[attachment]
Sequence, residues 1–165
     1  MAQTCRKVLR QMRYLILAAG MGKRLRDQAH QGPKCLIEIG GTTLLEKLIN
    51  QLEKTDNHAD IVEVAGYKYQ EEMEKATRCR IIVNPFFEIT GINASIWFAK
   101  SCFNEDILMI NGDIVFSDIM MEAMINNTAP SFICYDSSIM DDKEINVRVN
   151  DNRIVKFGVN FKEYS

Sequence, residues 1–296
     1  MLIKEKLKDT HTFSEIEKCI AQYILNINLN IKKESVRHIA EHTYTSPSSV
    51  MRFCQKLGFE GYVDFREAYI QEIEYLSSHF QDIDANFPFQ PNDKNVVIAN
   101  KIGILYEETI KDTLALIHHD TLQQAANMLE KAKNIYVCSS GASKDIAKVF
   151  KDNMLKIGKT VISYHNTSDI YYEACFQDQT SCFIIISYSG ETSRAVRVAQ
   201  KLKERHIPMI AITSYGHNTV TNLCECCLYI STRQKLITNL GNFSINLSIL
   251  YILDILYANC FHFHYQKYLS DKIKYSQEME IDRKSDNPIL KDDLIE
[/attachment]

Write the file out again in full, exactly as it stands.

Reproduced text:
Sequence, residues 1–165
     1  MAQTCRKVLR QMRYLILAAG MGKRLRDQAH QGPKCLIEIG GTTLLEKLIN
    51  QLEKTDNHAD IVEVAGYKYQ EEMEKATRCR IIVNPFFEIT GINASIWFAK
   101  SCFNEDILMI NGDIVFSDIM MEAMINNTAP SFICYDSSIM DDKEINVRVN
   151  DNRIVKFGVN FKEYS

Sequence, residues 1–296
     1  MLIKEKLKDT HTFSEIEKCI AQYILNINLN IKKESVRHIA EHTYTSPSSV
    51  MRFCQKLGFE GYVDFREAYI QEIEYLSSHF QDIDANFPFQ PNDKNVVIAN
   101  KIGILYEETI KDTLALIHHD TLQQAANMLE KAKNIYVCSS GASKDIAKVF
   151  KDNMLKIGKT VISYHNTSDI YYEACFQDQT SCFIIISYSG ETSRAVRVAQ
   201  KLKERHIPMI AITSYGHNTV TNLCECCLYI STRQKLITNL GNFSINLSIL
   251  YILDILYANC FHFHYQKYLS DKIKYSQEME IDRKSDNPIL KDDLIE